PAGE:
You’ll shed a tear or two—especially if you’re a parent—and they’ll be totally earned.
A 19-year-old actress named Hafsia Herzi steps into the cinema in this film. I have a feeling it will be, like the first film of Isabelle Huppert, not simply a debut, but an announcement: Here I am, and I am the real thing. She is the energy at the heart of a life-filled portrait of a big family of first-generation immigrants in a shabby French port city, a family that nourishes love, jealousy, discouragement, ambition, and a whole lot of dining and talking.
"The Secret of the Grain" is the wrong title for this movie. In France, where it was honored for best film, director, screenplay and most promising actress, the title translates as "fish couscous." In England, it opened as "Couscous." The only secret involving the grain is why it's so late being served. What were you expecting, Napoleon's toenails?
The wave of immigrants from former French colonies like Tunisia, Morocco and Algeria began in the late 1950s and continues, but most of the early arrivals are now grandparents, their offspring speaking only a few words of Arabic. We land in the middle of such a family, its patriarch the grave, taciturn Slimane Beiji (Habib Boufares), who was born in Tunisia. He's in the process of losing his job at a shipyard, and negotiating uneasily between his first wife, Souad (Bouraouia Marzouk), and his lover, Latifa (Hatika Karaoui), who owns a little hotel. He has two sons, one always in lust, but saves his deepest affection for Latifa's daughter, Rym (Hafsia Herzi). We have to gather these facts from the others, because Slimane doesn't confide.
The Tunisian-born writer-director Abdellatif Kechiche isn't interested in a formal story, although he does provide a cliff-hanging third act. He wants us to see these people live. Early in the film, he has a dinner table scene of such virtuosity that we feel we know everyone, even those we haven't seen before. This scene only incidentally sets up plot points; its purpose is to show strong opinions, deep feelings, humor and a sincere interest in the food. The cook is the first wife, renowned for her couscous; she always sends a plate home to Slimane, who lives in a little room in Latifa's hotel. She also, as a ritual, gives a plate from every meal to the nearest homeless man she can find.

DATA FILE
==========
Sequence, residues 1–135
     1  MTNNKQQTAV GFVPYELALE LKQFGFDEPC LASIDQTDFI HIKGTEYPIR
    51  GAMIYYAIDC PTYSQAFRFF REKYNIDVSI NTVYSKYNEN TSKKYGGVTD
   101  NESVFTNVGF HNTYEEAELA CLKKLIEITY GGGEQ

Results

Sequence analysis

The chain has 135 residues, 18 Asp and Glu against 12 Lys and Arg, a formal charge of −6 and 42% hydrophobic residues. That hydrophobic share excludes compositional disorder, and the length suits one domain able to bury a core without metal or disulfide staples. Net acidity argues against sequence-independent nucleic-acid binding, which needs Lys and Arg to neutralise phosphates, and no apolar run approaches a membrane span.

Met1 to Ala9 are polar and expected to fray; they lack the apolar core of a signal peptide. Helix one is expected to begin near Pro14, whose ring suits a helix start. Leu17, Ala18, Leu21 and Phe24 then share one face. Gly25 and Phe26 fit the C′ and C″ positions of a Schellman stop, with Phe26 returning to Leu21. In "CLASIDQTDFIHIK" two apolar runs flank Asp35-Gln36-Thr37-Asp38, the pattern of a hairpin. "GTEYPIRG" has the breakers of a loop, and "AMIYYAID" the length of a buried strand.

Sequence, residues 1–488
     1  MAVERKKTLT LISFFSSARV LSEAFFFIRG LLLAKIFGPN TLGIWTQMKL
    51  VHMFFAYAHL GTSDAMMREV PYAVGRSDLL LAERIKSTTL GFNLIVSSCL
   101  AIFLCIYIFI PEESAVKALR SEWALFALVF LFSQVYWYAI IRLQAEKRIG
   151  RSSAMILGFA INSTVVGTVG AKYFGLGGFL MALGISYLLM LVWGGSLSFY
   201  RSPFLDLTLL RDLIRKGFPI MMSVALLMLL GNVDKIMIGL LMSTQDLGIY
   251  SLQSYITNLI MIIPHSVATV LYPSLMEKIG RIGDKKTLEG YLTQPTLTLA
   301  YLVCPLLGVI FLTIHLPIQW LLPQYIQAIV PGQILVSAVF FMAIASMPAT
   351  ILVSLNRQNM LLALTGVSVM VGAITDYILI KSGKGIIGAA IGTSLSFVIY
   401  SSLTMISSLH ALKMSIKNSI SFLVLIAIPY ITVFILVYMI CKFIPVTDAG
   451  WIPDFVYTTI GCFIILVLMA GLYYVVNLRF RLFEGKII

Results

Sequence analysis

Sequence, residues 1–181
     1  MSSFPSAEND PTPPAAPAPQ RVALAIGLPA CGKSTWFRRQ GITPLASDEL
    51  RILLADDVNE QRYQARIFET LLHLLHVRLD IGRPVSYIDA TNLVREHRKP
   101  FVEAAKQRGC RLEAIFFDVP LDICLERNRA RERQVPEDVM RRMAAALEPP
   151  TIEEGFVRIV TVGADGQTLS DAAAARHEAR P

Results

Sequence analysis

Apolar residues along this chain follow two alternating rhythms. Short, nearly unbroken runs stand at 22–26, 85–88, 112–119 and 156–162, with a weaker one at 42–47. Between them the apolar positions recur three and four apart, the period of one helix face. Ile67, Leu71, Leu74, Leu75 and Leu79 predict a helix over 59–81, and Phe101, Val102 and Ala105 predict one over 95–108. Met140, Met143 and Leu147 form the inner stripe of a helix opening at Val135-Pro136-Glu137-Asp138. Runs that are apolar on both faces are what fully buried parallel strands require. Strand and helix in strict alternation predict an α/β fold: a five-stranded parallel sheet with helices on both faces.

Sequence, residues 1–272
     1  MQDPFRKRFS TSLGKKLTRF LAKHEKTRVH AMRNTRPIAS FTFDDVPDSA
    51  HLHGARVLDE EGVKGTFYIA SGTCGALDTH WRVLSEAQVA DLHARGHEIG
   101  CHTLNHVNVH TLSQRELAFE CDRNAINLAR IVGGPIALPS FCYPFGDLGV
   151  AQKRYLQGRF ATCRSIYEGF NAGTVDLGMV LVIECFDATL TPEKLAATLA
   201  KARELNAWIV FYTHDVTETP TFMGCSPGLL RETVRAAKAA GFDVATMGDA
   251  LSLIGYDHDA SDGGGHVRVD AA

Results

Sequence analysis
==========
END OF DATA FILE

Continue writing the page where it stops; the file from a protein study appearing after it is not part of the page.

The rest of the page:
Still waters run deep. Slimane reveals plans to use his severance pay to open a restaurant aboard a rusty ship in the harbor, serving Souad's couscous. His strongest supporter is Rym, and as she talks with Slimane, and a group of old musicians who live at the hotel, and to her mother, she reveals herself as an instinctive actress who tells each what they need to hear. She never gets angry, never pushes too hard and doesn't insist, but it's almost impossible to keep her from having her way.
"Secret of the Grain" arrives at a big free dinner thrown by Slimane for the town big shots, in hopes of getting planning permission for the restaurant. Here we see race and class discrimination in France; the big shots are happy to wine and dine for free, but in their minds immigrants are not ... quite ... French. The younger generation all seem quintessentially French to us, but what do we know?
There are two amazing dialogue scenes. One involves Rym pleading with her mother to attend Slimane's opening night, despite the couscous being prepared by the other woman. The other involves Alice Houri as Julie, who is married to Slimane's womanizing son and explains with astonishing passion why he is a liar, a worthless scumbag, a failure as husband and father.
This verbal assault comes to poor Slimane as the latest in a series of disasters, including the delivery of the dinner. Help comes, not from an unexpected source, but certainly in an unexpected way. We leave the movie as we entered, in the middle of things. "The Secret of the Grain" never slows, always engages, may continue too long, but ends too soon. It is made of life itself. Hafsia Herzi has four more films in the can and two in production. Remember her name.
"The Secret of the Grain" is also available available via IFC's on demand program.
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